Fishes in the ecosystem
The preceding discussions have focused on the effects that fishes as predators have on trophic levels lower in the food web of the community. Such “top-down” regulation of community dynamics can be contrasted with “bottom-up” factors affecting plant growth and subsequent plant or animal prey availability, which ultimately determines fish abundance and diversity. From the fish’s perspective, topdown processes involve the ways that fishes affect the structure and function of an ecosystem (Table 25.1), whereas bottom-up processes involve the physical and chemical factors that affect food availability for fishes. In addition to these direct interactions, ecosystem function is affected by indirect effects of different trophic levels on one another which are separated by several steps or levels in the trophic organization of a community. Fishes function in such interactions as agents that transfer and cycle nutrients, energy, and matter and that link different parts of the ecosystem together. In addition to their interactions with other members of the biotic community, many of the activities and relationships have direct benefits to humans and can be considered as ecosystem services provided by fishes. Our dependence on fishes for the functional roles they play in ecosystems as well as for the calories and nutrients they provide as food underscores the importance of understanding the impacts of overexploitation and biodiversity loss (Allan et al. 2005; McIntyre et al. 2007).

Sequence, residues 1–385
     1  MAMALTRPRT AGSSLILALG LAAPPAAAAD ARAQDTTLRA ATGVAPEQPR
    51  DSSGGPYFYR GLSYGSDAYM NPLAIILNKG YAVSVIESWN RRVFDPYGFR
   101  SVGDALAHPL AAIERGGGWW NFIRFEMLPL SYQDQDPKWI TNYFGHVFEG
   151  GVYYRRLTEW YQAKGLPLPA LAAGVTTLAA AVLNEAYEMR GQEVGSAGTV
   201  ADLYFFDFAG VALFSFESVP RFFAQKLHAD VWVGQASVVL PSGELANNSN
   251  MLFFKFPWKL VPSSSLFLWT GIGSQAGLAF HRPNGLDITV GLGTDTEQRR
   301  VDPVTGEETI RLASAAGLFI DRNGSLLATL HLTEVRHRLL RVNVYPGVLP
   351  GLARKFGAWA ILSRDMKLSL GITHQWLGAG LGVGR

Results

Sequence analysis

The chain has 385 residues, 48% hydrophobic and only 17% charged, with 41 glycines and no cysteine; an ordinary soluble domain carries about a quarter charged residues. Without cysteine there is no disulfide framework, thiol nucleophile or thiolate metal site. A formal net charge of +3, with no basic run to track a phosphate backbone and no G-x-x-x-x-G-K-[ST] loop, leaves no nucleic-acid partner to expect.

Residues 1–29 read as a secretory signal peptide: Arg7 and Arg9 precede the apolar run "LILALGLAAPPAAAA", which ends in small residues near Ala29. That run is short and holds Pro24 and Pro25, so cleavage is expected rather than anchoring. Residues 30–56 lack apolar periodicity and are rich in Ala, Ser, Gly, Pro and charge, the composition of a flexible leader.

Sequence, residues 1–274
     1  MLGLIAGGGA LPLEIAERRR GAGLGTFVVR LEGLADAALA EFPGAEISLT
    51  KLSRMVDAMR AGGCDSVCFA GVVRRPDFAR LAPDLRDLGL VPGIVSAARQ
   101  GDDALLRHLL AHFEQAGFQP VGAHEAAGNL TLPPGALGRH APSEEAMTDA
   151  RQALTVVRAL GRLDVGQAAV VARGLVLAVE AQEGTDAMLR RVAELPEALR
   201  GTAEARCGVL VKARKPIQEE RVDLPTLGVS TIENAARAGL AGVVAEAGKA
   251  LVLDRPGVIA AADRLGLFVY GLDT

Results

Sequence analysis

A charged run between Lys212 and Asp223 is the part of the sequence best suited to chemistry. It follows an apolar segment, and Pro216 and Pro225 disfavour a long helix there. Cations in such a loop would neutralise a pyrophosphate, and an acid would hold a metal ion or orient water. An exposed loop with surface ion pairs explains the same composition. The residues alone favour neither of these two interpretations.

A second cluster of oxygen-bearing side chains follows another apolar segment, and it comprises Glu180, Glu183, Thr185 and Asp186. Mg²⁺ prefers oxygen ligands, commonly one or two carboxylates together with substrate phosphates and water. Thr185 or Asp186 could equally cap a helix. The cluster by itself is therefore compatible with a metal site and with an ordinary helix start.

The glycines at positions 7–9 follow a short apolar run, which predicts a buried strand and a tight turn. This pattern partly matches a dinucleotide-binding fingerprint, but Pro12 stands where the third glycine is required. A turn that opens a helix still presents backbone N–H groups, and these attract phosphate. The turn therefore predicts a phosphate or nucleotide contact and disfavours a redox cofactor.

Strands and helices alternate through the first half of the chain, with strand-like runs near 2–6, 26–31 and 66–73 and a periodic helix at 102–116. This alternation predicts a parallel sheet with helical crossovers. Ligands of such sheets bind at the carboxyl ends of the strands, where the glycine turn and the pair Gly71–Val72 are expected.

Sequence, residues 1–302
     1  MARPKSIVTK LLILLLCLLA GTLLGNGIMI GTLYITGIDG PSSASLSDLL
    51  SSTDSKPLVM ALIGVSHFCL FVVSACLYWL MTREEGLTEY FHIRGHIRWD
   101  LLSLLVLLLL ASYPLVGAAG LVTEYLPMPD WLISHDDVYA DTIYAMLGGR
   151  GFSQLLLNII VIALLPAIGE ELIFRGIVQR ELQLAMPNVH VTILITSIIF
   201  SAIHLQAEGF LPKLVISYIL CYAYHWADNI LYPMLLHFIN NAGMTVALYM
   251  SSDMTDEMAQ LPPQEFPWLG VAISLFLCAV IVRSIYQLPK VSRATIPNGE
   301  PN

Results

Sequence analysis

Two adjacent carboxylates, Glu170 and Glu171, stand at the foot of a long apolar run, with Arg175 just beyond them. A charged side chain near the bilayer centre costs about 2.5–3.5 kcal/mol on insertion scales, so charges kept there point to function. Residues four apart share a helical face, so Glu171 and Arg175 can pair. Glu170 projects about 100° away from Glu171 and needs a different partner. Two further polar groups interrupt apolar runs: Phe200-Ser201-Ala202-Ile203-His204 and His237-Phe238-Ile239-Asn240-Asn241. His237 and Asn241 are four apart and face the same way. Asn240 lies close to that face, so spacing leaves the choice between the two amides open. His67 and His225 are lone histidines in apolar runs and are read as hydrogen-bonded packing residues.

Top-down effects of fishes in temperate lakes and streams. Whether the same suite of effects and relationships occurs in tropical freshwater systems or marine systems remains largely unstudied. Adapted from Northcote (1988)
A pictorial summary of ecosystem services provided by fishes to humans and other organisms. Services can be classified as: regulating populations and processes (e.g., trophic cascades that regulate population dynamics or nutrient cycling, bioturbation of sediments, carbon exchange); linking different parts of the ecosystem via transport of nutrients and energy (e.g., open water to benthos, littoral zone, birds, and terrestrial mammals); informing (e.g., indicating and recording past and present ecosystem integrity); and cultural (e.g., human interactions and direct benefits via exploitation, recreation, water purification, disease abatement, and aquaculture). After Holmlund and Hammer (1999), used with permission; see www.maweb.org for alternative terminology.